The 5 Details You Need to Know for Open Enrollment
Millions of Americans depend on Medicare and the health insurance plans offered by the Affordable Care Act (ACA), for their healthcare coverage. And if you’re a Medicare or ACA subscriber, the most important time of the year is coming: open enrollment.
Open enrollment is the only time of year you can make change to your health insurance coverage. From October to December, you have just a few weeks to enroll in a new plan, make changes to your coverage, or renew your current insurance. If you miss open enrollment, you’ll have to wait an entire year to make any changes.
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Of course, there’s a lot you need to consider during open enrollment. Is your plan changing? Should you sign up for Medicare? Are costs increasing? Here’s what you need to know – and verify – during open enrollment this year.
1. You Need to Check Your Plan for Changes
Healthcare plans change every year — even employer-sponsored plans. And often, the most important changes are in the fine print of your health insurance policy. During open enrollment, make sure you read each piece of your plan to ensure you don’t miss a single change. Those changes could be costly if they affect your premium, your coverage, and your deductible.
If you have original Medicare, you can find out about any proposed changes by consulting your Medicare handbook or visiting the Medicare website. For existing Medicare Part D plans, Medicare Advantage Plans and health insurance plans offered by the ACA, you’ll receive a notice of all changes that affect cost and coverage via the mail. Take a good look at these notices and make sure you understand how the changes will affect you.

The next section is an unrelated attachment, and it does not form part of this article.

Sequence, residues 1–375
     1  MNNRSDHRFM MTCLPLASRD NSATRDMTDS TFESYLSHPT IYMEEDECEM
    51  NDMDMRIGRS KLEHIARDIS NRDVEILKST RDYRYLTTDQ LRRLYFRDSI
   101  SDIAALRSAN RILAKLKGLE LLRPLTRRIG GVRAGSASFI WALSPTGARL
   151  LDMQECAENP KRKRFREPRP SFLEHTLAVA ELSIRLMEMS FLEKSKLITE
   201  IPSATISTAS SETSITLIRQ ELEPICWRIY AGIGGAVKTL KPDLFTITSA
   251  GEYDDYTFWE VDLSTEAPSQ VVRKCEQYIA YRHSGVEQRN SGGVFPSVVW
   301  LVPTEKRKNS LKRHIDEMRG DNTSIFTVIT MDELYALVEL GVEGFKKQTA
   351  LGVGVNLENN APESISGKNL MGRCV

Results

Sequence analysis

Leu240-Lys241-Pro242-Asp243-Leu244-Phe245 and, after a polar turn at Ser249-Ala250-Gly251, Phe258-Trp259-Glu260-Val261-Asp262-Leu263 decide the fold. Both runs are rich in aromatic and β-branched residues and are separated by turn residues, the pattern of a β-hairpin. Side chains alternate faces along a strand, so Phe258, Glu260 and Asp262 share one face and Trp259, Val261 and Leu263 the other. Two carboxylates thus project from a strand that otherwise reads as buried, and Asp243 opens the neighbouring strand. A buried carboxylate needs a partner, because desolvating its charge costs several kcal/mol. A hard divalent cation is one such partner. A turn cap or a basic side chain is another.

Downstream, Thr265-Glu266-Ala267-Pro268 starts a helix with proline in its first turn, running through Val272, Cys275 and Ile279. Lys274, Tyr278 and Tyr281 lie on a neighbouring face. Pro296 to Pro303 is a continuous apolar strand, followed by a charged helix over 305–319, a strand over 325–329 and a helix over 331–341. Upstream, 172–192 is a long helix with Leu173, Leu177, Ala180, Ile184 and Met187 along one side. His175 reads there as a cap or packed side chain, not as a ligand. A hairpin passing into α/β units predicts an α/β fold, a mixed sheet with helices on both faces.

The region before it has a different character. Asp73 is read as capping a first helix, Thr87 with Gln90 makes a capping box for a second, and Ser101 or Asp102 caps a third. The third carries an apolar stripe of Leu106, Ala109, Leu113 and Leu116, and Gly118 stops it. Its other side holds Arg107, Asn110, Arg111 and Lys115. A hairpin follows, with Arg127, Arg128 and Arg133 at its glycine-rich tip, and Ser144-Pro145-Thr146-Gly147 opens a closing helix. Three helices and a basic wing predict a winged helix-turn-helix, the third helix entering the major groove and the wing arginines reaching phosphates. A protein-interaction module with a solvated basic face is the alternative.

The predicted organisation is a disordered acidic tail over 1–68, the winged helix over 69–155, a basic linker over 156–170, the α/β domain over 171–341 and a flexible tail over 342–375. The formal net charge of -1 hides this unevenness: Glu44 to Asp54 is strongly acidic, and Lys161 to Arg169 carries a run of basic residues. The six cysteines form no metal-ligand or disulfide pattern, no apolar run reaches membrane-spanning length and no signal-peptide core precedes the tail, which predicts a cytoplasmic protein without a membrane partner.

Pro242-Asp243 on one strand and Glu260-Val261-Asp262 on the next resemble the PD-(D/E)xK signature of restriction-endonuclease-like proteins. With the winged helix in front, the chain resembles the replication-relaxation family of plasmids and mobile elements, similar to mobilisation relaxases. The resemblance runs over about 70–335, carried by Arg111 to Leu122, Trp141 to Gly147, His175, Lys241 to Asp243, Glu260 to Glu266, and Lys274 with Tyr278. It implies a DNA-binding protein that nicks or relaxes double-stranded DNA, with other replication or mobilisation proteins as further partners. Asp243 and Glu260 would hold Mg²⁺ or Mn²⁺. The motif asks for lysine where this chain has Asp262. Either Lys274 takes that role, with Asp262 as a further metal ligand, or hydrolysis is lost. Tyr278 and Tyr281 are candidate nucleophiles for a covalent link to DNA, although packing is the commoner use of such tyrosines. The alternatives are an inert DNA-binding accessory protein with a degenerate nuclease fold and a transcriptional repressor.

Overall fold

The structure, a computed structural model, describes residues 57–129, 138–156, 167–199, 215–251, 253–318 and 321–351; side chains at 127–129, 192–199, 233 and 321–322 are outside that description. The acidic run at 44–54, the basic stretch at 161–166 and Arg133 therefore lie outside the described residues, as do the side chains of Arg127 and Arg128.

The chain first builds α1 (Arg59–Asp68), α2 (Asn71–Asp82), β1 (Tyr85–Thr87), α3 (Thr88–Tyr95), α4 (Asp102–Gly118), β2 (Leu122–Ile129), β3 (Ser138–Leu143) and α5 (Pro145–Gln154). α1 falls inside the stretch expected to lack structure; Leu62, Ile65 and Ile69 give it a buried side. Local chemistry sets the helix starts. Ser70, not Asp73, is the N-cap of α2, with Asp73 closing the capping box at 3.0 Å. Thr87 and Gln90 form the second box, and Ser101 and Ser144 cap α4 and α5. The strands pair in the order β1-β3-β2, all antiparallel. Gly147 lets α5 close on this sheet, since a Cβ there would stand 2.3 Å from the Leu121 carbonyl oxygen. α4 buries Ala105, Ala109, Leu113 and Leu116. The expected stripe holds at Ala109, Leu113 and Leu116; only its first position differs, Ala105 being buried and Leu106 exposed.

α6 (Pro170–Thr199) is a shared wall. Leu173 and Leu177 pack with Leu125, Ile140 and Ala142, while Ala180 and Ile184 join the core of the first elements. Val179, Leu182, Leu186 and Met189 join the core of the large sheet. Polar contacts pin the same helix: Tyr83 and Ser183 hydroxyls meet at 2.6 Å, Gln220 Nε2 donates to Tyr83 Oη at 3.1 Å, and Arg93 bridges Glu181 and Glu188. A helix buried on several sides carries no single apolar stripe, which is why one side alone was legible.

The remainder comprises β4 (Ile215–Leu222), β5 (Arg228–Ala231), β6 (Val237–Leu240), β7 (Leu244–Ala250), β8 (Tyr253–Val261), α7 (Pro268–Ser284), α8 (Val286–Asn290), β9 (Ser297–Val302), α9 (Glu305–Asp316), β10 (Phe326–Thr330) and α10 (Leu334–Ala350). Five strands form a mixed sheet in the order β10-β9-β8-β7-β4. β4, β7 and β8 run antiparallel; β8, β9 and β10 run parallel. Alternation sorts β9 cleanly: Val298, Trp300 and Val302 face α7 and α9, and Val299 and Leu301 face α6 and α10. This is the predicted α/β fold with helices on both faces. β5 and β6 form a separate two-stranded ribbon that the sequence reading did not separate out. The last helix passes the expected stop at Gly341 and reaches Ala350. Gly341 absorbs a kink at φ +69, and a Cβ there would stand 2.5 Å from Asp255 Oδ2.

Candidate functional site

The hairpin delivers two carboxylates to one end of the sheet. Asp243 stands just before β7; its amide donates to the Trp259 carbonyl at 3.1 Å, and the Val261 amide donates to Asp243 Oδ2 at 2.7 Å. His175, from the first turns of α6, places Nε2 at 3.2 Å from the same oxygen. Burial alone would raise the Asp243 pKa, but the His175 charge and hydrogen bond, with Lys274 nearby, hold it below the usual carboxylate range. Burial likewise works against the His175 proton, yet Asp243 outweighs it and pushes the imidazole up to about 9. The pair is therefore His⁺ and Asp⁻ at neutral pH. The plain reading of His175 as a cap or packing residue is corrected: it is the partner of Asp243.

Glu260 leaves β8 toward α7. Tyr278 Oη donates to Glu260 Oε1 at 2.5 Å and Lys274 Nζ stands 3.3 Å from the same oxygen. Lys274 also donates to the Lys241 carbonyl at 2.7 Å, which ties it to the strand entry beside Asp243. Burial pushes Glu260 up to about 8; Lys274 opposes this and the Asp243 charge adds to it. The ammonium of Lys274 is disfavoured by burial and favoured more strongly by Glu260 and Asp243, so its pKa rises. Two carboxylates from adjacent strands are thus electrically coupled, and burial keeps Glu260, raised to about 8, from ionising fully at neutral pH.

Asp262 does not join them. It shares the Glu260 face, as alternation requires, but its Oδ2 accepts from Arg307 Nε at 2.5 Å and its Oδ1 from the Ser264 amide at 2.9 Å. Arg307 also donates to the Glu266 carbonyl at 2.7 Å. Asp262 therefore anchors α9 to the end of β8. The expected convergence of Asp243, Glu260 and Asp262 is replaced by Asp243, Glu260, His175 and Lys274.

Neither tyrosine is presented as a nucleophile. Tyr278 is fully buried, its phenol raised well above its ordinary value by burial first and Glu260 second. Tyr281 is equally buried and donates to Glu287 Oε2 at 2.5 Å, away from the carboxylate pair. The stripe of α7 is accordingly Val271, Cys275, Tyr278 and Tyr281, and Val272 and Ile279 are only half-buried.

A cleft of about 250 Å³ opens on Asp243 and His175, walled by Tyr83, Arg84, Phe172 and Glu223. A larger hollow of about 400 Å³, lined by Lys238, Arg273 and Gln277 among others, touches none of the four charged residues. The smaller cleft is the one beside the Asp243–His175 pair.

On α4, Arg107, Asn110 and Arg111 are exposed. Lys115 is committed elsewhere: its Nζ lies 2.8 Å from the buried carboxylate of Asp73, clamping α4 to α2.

Even if you’re happy with your present coverage, you might want to look into other plans as their costs and coverage may have changed in such a way that a different plan may work better for you. You also may discover a different plan will provide better coverage if your medical condition has changed over the last year.
2. The Monthly Premium Isn’t the Only Price You’ll Pay
When you’re comparing health insurance plans, it’s easy to look only at the monthly premium. But it’s important to keep in mind that the monthly premiums aren’t the only costs you’ll pay – on top of that monthly fee, you also have to cover certain expenses and procedures.
Both original Medicare and ACA plans have annual deductibles you must pay out of pocket before your plan pays anything. Once your deductible is satisfied, your plan will begin to pay. Even then, though, it won’t pay 100 percent of your medical costs. Medicare, for example, pays only 80 percent of the approved charges according to Nolo.com¹. You’re responsible for the other 20 percent, which can be significant.
Coverage amounts vary dramatically among ACA plans. Some have lower premiums but higher deductibles. Maximum out-of-pocket expenses also vary considerably from plan to plan. You need to research various plans ahead of the open enrollment deadline to determine which one offers you the lowest net annual cost.
3. Don’t Assume Your Current Plan is Still the Cheapest
Many people just sign up for the same plan they already have. There are several reasons for this. Some people either miss open enrollment or don’t know its importance. Some believe that if a plan was decent in years past, it’ll continue to be the best plan going into the next year. However, all of these instances aren’t necessarily the best course of action.